“Hands Free” driving is much in the news, and not in a particularly good way. A 2019 Tesla Model S recently crashed into a tree at high speed near Houston, killing two people.The victims were reportedly found in the front passenger seat and in the rear seat at the time of the crash – i.e. no victim was found in the driver’s seat. However, Elon Musk tweeted that Tesla’s investigation had not indicated that Tesla’s Autopilot feature was engaged.
That said, a year earlier in February 2020 the National Highway Traffic Safety Administration (NHTSA) had opened 14 investigations into Tesla crashes involving its driver assistance capabilities.
Adding to the current mix is a brewing dispute between NHTSA and another federal safety agency, the National Transportation Safety Board (NTSB). NTSB has publicly questioned whether the NHTSA has been fulfilling its oversight responsibilities with regard to a number of Tesla crashes. And several members of Congress are also asking NHTSA for accelerated regulations on ADAS features.
All of this is happening against a back-drop of a rapidly growing number of automobile manufacturers offering some form of what Consumer Reports calls “active driving assistance” technology. In October 2020 Consumer Reports published an evaluation of 17 such systems, an increase from only four such systems evaluated only two years earlier. The 2020 report included vehicles in most price ranges from Cadillac, Tesla, and BMW through Honda, Toyota and Mazda.
The Consumer Reports article defined active driving assistance technology as the simultaneous engagement of adaptive cruise control (ACC) and lane keeping assistance (LKA). ACC takes control of acceleration and braking to keep a vehicle a set distance from a vehicle in front of it. LKA takes control of steering to keep a vehicle within lane lines indicated on the roadway. The article warned that active driving assistance is not the same thing as self-driving – it is only meant to support a driver by reducing stress and fatigue.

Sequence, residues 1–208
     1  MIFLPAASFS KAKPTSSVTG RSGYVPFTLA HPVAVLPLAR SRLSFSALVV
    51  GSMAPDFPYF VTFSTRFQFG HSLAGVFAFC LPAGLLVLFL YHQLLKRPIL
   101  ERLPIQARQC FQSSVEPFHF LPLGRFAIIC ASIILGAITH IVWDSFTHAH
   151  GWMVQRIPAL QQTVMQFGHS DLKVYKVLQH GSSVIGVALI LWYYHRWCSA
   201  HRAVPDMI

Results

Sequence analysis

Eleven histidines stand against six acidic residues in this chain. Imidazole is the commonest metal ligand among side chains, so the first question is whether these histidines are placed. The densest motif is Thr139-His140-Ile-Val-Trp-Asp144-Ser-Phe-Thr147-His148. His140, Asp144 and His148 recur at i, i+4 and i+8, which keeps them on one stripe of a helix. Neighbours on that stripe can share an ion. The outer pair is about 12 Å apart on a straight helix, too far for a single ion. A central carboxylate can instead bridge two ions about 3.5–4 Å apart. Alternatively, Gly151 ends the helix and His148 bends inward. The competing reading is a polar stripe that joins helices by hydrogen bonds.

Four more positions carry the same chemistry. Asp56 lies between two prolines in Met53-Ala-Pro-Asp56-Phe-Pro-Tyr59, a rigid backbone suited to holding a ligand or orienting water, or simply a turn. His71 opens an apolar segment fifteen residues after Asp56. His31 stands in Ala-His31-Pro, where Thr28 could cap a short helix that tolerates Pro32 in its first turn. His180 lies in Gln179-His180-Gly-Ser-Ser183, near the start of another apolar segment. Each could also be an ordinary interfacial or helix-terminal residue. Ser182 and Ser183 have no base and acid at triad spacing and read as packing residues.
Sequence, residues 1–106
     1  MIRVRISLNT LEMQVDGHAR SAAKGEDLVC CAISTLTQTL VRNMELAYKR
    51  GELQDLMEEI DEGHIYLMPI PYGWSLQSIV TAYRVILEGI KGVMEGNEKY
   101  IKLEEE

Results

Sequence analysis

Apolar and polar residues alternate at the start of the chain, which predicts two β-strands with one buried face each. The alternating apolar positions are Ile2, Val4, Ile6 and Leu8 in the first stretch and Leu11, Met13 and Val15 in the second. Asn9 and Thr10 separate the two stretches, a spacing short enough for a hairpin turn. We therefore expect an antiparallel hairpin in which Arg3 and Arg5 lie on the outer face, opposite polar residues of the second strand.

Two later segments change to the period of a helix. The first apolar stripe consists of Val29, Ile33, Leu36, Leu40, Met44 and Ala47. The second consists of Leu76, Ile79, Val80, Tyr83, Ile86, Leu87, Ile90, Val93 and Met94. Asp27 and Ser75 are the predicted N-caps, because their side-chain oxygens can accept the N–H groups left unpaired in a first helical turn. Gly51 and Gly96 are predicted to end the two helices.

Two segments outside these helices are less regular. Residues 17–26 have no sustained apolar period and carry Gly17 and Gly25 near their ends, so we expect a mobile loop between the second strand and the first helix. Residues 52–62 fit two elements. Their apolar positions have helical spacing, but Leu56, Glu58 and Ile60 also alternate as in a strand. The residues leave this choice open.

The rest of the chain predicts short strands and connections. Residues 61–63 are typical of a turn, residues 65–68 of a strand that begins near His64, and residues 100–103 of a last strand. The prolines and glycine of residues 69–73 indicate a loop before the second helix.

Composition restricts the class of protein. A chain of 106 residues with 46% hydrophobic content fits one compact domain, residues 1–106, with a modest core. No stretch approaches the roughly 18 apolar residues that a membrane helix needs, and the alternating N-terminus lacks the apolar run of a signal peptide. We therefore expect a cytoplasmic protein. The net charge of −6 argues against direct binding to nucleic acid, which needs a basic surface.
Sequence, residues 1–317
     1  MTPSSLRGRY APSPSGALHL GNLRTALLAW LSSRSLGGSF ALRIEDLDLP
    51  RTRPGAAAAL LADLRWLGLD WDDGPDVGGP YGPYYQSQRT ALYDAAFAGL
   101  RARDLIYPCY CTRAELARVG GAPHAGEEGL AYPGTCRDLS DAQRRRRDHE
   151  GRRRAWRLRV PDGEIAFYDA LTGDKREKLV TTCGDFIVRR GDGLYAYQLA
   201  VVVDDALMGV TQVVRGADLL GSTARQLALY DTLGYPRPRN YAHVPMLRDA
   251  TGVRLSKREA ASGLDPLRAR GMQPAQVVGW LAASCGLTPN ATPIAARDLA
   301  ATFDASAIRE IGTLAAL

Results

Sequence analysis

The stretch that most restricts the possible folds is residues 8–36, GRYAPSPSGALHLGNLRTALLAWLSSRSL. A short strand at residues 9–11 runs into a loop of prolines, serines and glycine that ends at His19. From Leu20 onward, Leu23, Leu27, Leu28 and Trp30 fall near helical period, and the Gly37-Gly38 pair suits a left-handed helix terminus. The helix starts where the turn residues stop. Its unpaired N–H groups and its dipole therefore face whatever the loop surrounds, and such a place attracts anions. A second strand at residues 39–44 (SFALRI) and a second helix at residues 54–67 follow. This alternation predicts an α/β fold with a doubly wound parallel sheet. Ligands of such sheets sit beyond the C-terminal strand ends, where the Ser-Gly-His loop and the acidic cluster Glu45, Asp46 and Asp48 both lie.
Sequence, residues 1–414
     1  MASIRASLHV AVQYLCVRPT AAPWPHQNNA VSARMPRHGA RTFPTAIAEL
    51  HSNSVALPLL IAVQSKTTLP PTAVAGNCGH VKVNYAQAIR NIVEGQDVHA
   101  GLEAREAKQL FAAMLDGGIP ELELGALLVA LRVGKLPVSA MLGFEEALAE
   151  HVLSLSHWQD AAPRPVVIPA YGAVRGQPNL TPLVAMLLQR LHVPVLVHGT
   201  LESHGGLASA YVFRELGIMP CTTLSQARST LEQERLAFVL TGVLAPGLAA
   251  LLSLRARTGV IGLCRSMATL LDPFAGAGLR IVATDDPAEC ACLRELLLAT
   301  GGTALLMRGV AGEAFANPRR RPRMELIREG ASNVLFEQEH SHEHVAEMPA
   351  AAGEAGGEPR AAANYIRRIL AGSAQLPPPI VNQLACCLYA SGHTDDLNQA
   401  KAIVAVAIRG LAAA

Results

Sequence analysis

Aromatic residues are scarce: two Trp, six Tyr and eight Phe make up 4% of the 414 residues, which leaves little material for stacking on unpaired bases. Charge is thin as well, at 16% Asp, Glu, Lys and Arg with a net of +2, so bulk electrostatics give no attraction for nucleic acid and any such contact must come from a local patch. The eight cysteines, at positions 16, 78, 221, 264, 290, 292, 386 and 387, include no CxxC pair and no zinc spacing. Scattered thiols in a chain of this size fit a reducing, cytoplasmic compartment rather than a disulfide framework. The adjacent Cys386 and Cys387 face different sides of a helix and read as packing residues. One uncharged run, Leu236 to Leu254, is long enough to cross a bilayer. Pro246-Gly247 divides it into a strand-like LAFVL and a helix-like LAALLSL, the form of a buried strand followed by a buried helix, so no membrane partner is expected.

From a safety (and insured loss) perspective this is all well and good . . . IF a driver stays engaged -- eyes on the road, hands on (or periodically on) the steering wheel.
On the other hand, an April 22, 2021 Consumer Reports article documented how a test driver put a Tesla Model Y in motion on a closed test track without anyone in the driver’s seat.The test driver simply put a weighted chain on the Tesla’s steering wheel (to mimic the weight of a driver’s hand), and then slid over to the front passenger seat, and used the steering wheel dial to put the car in motion up and down a half mile stretch of test track. The Tesla’s “Autopilot” function did the rest.
If I were an auto insurer, in the emerging world of available data about ADAS features on specific vehicles -- and better yet, data about when, where and how ADAS features are engaged; here are some things I would track:
- The names which automobile manufacturers give to their “active driving assistance” technology. These names communicate concepts and, to some degree, set expectations of drivers. Consider for example:
- Tesla's Autopilot, Land Rover’s In Control, and Porsche’s Active Safe
- Mercedes Driver Assistance, Nissan’s ProPILOT Assist, and BMW’s Driving Assistance Professional
- The design features which monitor driver engagement when these technologies are turned on – for example, requiring a driver to periodically keep hands on the wheel. (Special mention goes to Cadillac’s Super Cruise system which includes an inward facing camera monitoring where the driver’s eyes are looking.)
- Combining traditional telematics data (speed, hard acceleration and deacceleration) with the use of “active driving assistance” features – in order to test hypotheses about risk proclivities of drivers.